Transportation is a mess. Can technology provide the answers?
IT harnesses availability as a vital metric. How available are your servers, your networks, your applications? Any time they are down, that means they are unavailable to users. Out of that, we get five-nines as symbolic of high availability.
Move over to the transportation sector. Availability stinks. Vehicles sit still for most of their existence. They are either parked outside the home, the office or the mall. Or worse, they idle at traffic lights or in gridlock for a great many hours every week.
This adds up to unbelievable amounts of inefficiency. According to ARC Advisory Group, most cars in the U.S. remain parked well over 90% of the time. And there are more cars on the road than there are adults – 275 million cars for an adult population of 250 million. Those vehicles average an occupancy rate of 1.59 people. Meanwhile, traffic congestion in the U.S. costs over thirty billion hours and nearly $90 billion a year.
Those statistics make clear the waste inherent in the current transportation paradigm: private, low-occupancy vehicles for nearly every journey operated by humans. Everyone it seems wants their own car, and the bigger the better. SUV ownership rates have surged to almost half of all global new car sales. Older couples who could easily share a vehicle often have two or more cars – often an SUV each, plus a truck that might be used a few times a year.
This is why experts view the transportation sector as ripe for a technology revolution. Autonomous vehicles, shared mobility, electric cars, and smart highway concepts lead the charge.
Yes, people will be slow to forfeit their right to ride in their own chariots. But they will give up in the end. Apps similar to Uber and Lyft will let them access vehicles for short-term or long-term rental. A trip to the mall would mean renting a car to take you there. A different vehicle would bring you back. No doubt, subscription services will be available as well as premium access rates that guarantee waiting times.
Commutes will operate similarly. One car or carpool to work, another for the return trip. Sensors in vehicles and roads will make it possible to speed traffic through cities, shortening journey times. When networked self-driving cars hit prime time, traffic progress per unit of time will soar.
Why? The light changes. The first driver is texting and doesn’t notice. The second driver argues with a spouse. The third driver bends back to hand a bottle to the baby. By the time all three notice the light and drive, six others are left stranded. Autonomous, networked vehicles would mean all nine cars would pass through without delay.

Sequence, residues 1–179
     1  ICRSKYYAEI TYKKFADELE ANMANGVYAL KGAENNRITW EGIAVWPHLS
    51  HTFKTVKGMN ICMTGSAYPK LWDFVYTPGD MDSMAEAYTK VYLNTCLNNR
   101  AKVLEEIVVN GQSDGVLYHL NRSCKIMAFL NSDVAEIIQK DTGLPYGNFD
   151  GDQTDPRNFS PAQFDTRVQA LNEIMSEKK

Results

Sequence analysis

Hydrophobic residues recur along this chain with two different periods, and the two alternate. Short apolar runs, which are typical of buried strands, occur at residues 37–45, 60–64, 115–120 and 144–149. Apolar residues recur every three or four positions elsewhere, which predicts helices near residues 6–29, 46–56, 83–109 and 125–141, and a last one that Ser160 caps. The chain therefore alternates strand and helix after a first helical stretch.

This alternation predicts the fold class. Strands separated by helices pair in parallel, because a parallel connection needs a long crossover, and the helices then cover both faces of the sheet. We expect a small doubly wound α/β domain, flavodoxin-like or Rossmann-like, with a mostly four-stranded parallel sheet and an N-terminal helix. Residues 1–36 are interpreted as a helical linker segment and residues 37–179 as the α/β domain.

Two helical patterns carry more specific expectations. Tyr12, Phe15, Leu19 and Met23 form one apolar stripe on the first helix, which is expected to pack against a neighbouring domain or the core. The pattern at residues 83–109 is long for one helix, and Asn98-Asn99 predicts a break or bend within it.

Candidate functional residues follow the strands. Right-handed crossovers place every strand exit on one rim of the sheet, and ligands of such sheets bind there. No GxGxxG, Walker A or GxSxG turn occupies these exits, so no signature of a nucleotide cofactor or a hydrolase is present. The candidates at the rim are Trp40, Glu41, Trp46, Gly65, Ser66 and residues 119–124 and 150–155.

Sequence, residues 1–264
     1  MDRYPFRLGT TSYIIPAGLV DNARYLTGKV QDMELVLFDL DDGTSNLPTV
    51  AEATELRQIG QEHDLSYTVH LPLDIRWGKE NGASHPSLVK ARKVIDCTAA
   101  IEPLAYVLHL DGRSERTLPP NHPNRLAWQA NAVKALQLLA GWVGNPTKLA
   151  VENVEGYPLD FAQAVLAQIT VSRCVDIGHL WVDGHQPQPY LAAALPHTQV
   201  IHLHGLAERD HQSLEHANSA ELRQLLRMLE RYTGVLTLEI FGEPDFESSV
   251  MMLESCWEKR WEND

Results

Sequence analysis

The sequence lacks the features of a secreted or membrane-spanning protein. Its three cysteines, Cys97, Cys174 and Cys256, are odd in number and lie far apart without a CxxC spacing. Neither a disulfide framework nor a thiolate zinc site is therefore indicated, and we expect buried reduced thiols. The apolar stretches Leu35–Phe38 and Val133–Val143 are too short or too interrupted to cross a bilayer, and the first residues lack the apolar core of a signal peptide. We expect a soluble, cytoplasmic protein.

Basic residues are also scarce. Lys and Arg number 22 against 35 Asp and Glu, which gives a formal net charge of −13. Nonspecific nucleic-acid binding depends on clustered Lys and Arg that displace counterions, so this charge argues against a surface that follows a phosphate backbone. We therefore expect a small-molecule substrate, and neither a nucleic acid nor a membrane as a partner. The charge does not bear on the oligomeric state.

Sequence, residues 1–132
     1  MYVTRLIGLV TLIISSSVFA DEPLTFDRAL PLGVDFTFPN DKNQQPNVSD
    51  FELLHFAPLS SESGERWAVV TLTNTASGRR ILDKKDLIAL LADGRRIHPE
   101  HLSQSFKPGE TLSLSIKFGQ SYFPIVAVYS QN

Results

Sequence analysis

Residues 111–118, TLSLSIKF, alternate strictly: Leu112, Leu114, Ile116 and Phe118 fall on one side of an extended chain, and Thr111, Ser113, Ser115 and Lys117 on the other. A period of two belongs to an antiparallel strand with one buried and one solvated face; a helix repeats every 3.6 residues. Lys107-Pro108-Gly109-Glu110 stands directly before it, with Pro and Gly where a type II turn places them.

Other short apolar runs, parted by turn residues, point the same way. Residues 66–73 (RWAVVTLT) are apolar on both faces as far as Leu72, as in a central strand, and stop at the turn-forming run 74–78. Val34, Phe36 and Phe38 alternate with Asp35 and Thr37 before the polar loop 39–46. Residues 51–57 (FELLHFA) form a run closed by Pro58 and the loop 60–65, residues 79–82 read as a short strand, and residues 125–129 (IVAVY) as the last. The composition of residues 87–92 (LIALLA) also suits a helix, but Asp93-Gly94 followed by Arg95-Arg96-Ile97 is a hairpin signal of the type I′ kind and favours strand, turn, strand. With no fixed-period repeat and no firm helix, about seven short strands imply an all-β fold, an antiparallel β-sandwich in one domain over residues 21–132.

Environment and Safety
But efficiency and availability are far from the only reasons behind the coming revolution. Another statistic from ARC: Nearly 40,000 Americans die on roads each year, mostly due to human error.
Certainly, there have been, and probably always will be, some fatalities due to autonomous vehicles. But those numbers will be drastically reduced. Further, the technology won’t be unleashed until it has proven itself safe in pilot projects. It will probably be rolled out gradually starting in places like Silicon Valley, then extended city by city until its reach is nationwide. Gone will be situations like falling asleep at the wheel, drunk driving crashes or text-related accidents.
And what about pollution? The power sector has been hammered for decades on emissions control. Yet it has the best record of any sector in emissions reduction over the past 20 years. At the same time, transportation pollution in the U.S. has hardly changed over that period. ARC reports that the transportation sector is by far the largest emitter of greenhouse gases in the economy, and out of 200,000 annual U.S. deaths from air pollution, 50,000 are the result of vehicle tailpipe emissions. The switch from gasoline cars to electric, autonomous vehicles would make a far bigger dent in American emissions totals than ongoing campaigns to shut down natural gas-fueled power stations around the nation.
The transportation revolution will be driven by technology. Mobility-as-a-service (MaaS) providers will partner with SaaS specialists and cloud providers. Connected and autonomous vehicle (CAV) technology will rely heavily on networking and connectivity players.
Tech giants like Microsoft, Google, Amazon, IBM, Dell, Apple, Verizon and AT&T may initially dominate. But watch out for a raft of startups, as well as a great many entrepreneurs and IT startup veterans teaming up with the latest batch of college geniuses to accelerate the revolution.
This article was originally published on 10-16-2020